Our neurosurgery team uses advanced equipment and the most current and well-researched procedures. These include:

  • Craniotomy: We remove as much of the tumor as is safe after removing part of the skull.
  • Laminectomy: We remove spinal cord tumors or repair spinal nerve roots.
  • Laser ablation surgery: This minimally invasive procedure uses light to heat and destroy unwanted cells of slow-growing tumors deep in the brain. Seattle Children’s is the only pediatric hospital in the Pacific Northwest, and 1 of a few in the country, to offer laser ablation for brain tumors.
  • Biopsy: This procedure gets a tissue sample for testing. At Seattle Children’s we can biopsy tumors in parts of the brain that are difficult to reach, such as the brainstem. Not all hospitals can do this. We use stereotactic biopsy techniques. These include CT (computed tomography) and MRI (magnetic resonance imaging) scans and an advanced surgical tool (ROSA Brain).

Read how we treat cancer with surgery. Learn more about our Neurosciences Center.

Radiation therapy

Radiation therapy uses high-energy beams to destroy cancer cells. Tumors are very sensitive to radiation compared to healthy tissue. But radiation can harm a child’s healthy cells or their developing nervous system. Our radiation oncologists are very experienced in caring for children. They work with the rest of the team to decide whether and how to use radiation therapy.

The best radiation treatment for your child depends on their tumor type and location. Children treated for brain tumors at Seattle Children’s have access to advanced radiation therapies that can help limit damage to the healthy nervous system.

Options include:

  • Proton beam therapy, which uses positively charged atomic particles (protons). This is an advanced type of radiation designed to direct radiation to the tumor while sparing healthy tissues.
  • Different ways of focusing radiation more precisely on the tumor: intensity-modulated radiation therapy (IMRT), gamma knife (also called fractionated stereotactic radiosurgery) and conformal radiation. Giving radiation in these ways helps prevent harm to healthy tissue.

Learn more about radiation therapy at Seattle Children’s.


Chemotherapy means giving medicines to kill tumor cells. It is also called “chemo.” Many of the first types of medicines used to cure cancer were “cytotoxic.” This means that the medicines kill dividing cells, which can also affect healthy cells. Newer treatments for tumors work in different ways. These include:

  • Targeted therapy, which works directly on an abnormal protein specific to the tumor cell
  • Immunotherapy, which helps the immune system fight the tumor

Our doctors are experienced in the medical care of children with brain tumors (neuro-oncologists). We can help you decide whether to use anticancer medicine and the best type.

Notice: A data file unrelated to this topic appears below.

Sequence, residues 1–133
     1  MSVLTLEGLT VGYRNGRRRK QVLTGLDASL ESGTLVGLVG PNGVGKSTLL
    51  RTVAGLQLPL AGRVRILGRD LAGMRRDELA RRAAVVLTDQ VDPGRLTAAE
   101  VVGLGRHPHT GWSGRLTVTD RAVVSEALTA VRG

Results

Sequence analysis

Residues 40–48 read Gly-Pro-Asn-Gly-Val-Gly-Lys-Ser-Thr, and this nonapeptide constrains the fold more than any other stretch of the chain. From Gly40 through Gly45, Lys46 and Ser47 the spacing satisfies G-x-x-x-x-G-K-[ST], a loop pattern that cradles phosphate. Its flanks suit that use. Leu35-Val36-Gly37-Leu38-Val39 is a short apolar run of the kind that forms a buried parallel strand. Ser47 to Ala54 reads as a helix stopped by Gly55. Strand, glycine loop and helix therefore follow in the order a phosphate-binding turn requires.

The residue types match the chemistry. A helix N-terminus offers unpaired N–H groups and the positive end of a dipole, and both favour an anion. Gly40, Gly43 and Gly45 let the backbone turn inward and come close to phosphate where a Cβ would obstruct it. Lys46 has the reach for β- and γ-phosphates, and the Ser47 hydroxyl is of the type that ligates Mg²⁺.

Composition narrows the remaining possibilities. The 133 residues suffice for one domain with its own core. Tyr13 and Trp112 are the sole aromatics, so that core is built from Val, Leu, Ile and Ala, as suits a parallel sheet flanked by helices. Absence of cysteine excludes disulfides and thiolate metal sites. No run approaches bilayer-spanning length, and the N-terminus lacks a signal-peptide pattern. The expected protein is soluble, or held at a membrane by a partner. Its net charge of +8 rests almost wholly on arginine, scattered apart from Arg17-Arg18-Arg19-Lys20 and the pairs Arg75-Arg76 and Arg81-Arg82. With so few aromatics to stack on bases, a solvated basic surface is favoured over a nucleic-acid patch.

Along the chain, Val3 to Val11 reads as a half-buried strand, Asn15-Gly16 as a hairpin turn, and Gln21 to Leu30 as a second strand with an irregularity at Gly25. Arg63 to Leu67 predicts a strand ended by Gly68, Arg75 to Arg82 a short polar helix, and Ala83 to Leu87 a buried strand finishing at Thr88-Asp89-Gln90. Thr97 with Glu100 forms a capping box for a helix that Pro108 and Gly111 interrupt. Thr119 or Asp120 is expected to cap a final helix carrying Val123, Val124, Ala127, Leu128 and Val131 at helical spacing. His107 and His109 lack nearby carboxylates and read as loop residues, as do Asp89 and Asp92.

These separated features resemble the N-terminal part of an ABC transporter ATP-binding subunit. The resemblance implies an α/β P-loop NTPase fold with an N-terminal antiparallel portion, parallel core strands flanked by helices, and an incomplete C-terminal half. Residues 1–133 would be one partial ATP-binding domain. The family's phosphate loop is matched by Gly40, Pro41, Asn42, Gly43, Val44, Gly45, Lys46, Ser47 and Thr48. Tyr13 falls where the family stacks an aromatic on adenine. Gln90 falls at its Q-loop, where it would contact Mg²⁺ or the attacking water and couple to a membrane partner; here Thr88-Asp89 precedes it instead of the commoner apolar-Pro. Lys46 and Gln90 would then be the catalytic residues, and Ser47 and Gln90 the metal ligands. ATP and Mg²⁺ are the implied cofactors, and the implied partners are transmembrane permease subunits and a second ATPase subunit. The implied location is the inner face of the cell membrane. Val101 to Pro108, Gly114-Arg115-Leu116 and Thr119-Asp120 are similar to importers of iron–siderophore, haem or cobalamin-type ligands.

We may suggest medicine as your child’s main treatment. Or we may recommend medicines along with surgery and radiation. We will adjust your child’s treatment or supportive care based on how your child is doing.

Most children get medicine for brain tumors through a vein or by mouth. Sometimes medicine is given by an injection into the spinal fluid or via a tube into the fluid-filled spaces in the brain (ventricular catheter).

See more about getting chemotherapy at Seattle Children’s.

Clinical trials, including immunotherapy

Many of our patients with brain tumors take part in research studies along with their standard medical treatment. These are called therapeutic studies or clinical trials. Many of our studies assess new treatments for specific tumors or mutations.

Your child’s doctor will talk with you about any research options that might help your child. Then you can decide whether you want to take part. Research is always optional.

Seattle Children’s Brain Tumor Program offers dozens of unique studies, including BrainChild. This group of phase 1 trials is testing CAR T-cell immunotherapies in children and young adults with certain relapsed or difficult-to-treat (refractory) brain tumors. BrainChild-04 is open to patients with diffuse intrinsic pontine glioma (DIPG), among other refractory tumors.

We lead research and clinical trials through:

We are the only center on the West Coast that is a member of both PNOC and CONNECT.

Some clinical trials have a goal of collecting information (registries) and samples (banking studies) to help with the future of research. Taking part in baking studies may give families new information about their child's tumor. This type of study is open to any child with a tumor and their parents. 

Learn more about cancer clinical trials at Seattle Children’s

Dr. Sarah Leary

“Not only will the results from this trial save lives in the future, but some of the kids who were part of the study are alive today because they had access to the study.”

Dr. Sarah Leary, medical director of the Pediatric Brain Tumor Program.

Learn more about this monumental clinical trial for high-risk medulloblastoma.

Follow-up Care

Follow-up care is important after treatment ends – no matter what type of treatment your child had. The follow-up routine will depend on the type of tumor your child had and their treatments. Most children visit the Brain Tumor Clinic at Seattle Children’s for follow-up care several times a year in the first few years after tumor treatment. They visit less often until adulthood. Your doctor will let you know the schedule that is right for your child.

During follow-up visits we will check your child for:

  • Any signs that the tumor is returning
  • How your child is growing and developing
  • How school or work is going
  • Effects that may happen months or years after treatment

Our Cancer Survivor Program provides long-term follow-up care to help young people stay healthy.

What to Expect

See what to expect when coming to Seattle Children’s Cancer and Blood Disorders Center.

Contact Us

If you would like an appointment, ask your child’s primary care provider to refer you to our Brain Tumor Program.

If you have a referral or would like a second opinion, contact the Cancer and Blood Disorders Center at 206-987-2106 or by email.

Scheduling an appointment

Providers, see how to refer a patient.

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Paying for Care